These braids seem to be fastened around a metal/plastic? stand, which is then placed on the head for support. If you watch this video of a lady getting dressed up for a photo package in Korea, you will see how the wig comes on a stand and is positioned around the head. This ridiculous getup that resembles a funeral wreath illustrates it more clearly. Braid around a braid around a braid.
Because I have no idea how to make such a stand, or how to keep the hair in position on it, I decided to do things the traditional way and braid some bundles of Kanekalon hair fibre before wrapping them around each other. I got 48 inches worth of jumbo braid fibre from ebay for making dreadlocks, but it has yet to arrive, so more updates after experimenting with the material later on.

In the meantime, some weirdly interesting pictures of gache that I found online:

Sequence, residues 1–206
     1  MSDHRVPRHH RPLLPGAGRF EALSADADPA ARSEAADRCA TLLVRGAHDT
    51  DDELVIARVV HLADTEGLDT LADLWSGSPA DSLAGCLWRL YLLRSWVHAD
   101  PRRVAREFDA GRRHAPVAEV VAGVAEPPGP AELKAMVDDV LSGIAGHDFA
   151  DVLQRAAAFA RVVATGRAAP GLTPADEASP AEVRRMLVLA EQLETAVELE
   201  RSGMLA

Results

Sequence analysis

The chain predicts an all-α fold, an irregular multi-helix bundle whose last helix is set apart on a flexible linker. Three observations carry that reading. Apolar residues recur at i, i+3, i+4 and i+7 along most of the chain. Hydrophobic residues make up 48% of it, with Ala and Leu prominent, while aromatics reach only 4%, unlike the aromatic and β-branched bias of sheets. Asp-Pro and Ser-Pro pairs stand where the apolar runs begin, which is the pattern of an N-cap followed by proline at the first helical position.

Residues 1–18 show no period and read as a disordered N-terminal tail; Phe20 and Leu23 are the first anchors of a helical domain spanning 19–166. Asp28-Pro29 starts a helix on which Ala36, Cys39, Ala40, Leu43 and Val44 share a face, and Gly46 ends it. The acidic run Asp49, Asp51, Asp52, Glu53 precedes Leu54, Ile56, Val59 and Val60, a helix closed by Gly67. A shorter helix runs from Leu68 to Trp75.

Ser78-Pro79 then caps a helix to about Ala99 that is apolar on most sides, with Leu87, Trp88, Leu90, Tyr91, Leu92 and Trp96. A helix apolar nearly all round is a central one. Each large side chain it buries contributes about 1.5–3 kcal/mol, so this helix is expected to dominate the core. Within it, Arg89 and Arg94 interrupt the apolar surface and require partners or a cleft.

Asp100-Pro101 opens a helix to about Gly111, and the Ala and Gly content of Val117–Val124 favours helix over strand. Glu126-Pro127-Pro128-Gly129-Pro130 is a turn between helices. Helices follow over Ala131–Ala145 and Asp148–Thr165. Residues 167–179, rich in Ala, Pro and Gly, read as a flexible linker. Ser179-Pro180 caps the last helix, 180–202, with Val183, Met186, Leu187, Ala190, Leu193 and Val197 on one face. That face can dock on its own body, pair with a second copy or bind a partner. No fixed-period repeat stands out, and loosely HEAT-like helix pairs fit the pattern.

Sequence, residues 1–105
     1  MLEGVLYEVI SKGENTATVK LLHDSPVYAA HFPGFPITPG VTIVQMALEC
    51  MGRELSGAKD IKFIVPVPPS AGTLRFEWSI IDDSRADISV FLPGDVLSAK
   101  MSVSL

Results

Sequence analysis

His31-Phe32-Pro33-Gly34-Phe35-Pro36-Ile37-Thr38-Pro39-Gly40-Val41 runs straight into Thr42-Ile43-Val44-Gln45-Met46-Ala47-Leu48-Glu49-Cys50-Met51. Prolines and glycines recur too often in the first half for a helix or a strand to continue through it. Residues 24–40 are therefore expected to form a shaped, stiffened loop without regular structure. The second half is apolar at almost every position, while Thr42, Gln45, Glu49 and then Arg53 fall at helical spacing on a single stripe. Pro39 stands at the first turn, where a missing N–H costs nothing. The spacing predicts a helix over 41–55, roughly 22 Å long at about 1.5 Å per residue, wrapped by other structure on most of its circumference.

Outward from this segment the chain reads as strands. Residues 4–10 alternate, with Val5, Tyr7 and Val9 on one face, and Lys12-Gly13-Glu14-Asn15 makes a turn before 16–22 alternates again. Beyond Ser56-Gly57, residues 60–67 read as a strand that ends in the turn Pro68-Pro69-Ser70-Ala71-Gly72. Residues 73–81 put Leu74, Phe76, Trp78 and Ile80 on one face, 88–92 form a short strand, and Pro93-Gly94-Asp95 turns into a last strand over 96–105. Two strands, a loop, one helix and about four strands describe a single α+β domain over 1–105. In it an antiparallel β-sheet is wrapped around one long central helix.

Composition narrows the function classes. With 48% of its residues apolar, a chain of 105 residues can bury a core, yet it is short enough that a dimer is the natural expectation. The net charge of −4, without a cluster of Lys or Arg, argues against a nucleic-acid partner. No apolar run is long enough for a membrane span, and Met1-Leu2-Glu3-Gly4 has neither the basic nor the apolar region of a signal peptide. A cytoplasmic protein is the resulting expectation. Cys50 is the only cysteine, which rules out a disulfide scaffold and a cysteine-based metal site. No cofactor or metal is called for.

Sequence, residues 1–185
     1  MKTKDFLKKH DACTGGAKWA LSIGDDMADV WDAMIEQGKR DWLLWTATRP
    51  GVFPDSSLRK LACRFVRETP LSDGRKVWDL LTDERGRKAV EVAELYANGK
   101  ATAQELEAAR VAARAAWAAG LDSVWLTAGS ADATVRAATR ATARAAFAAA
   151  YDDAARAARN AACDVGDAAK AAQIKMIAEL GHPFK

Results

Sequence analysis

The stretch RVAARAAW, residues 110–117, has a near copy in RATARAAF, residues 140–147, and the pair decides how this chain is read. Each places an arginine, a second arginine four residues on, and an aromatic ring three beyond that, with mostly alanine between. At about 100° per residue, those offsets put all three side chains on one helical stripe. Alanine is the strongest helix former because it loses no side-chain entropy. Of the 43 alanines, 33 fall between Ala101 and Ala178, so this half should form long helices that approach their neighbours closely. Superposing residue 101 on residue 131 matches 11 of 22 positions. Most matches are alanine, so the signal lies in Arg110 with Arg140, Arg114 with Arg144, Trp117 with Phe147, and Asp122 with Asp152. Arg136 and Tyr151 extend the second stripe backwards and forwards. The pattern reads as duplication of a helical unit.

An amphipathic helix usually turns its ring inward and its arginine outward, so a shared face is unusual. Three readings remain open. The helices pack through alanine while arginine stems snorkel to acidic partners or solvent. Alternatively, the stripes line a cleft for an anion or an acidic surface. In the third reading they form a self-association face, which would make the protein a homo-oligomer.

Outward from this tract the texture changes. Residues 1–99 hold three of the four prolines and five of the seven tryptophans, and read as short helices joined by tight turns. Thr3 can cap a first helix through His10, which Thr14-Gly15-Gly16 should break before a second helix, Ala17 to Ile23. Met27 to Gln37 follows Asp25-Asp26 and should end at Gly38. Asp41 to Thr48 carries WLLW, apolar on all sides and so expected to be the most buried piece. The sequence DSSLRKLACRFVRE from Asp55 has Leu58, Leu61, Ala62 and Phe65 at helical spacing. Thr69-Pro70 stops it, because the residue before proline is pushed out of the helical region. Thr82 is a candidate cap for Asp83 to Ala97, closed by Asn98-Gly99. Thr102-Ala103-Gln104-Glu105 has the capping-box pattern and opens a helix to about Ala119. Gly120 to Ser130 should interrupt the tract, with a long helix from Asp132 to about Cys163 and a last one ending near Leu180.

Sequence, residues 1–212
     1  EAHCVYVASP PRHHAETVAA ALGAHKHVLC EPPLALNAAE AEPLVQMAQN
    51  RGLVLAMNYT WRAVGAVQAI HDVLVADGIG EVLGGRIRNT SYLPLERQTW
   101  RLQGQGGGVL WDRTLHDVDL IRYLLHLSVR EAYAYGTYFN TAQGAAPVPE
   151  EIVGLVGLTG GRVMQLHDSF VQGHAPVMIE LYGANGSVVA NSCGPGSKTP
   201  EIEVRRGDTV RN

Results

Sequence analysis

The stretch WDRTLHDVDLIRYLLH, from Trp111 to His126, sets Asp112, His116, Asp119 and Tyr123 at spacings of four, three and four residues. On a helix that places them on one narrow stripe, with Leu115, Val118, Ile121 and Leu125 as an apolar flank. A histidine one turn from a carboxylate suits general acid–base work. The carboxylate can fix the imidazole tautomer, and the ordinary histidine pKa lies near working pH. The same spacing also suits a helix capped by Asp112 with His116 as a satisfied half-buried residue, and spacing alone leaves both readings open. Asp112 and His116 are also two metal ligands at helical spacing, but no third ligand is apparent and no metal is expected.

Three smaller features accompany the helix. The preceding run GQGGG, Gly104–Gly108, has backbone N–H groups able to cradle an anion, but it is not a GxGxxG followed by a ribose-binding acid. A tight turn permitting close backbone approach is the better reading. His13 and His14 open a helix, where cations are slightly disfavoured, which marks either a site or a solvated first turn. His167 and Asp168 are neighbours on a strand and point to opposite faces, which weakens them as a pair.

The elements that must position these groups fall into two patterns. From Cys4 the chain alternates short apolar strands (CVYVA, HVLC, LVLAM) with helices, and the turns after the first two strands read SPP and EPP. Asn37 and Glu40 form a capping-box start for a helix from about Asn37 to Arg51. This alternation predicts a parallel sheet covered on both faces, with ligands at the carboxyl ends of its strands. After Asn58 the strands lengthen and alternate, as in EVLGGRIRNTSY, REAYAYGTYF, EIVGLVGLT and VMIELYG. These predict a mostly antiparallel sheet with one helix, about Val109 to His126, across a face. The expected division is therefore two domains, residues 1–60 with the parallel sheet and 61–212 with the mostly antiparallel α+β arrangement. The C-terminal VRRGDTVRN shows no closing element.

Lady Gaga looking bizarre as usual in a gisaeng wig. I'm surprised that she didn't go for the more outlandish keun meori...
Or a more hair-raising design.

Sunday, October 9, 2011

Hanbok Project Part V: Making the Chima

The skirt, in comparison to the jeogori, is really simple to make. First of all, you have to decide what kind of skirt you want; there are two types, pul-chima, with a separated back, or tong-chima, with a seamed back (like a modern skirt). In ancient times, the chima was simply made out of a piece of rectangular cloth wrapped around the waist/bust depending on the fashion of the period. The length of cloth was gathered or pleated and attached to a waistband with ties that fastened around the trunk of the body.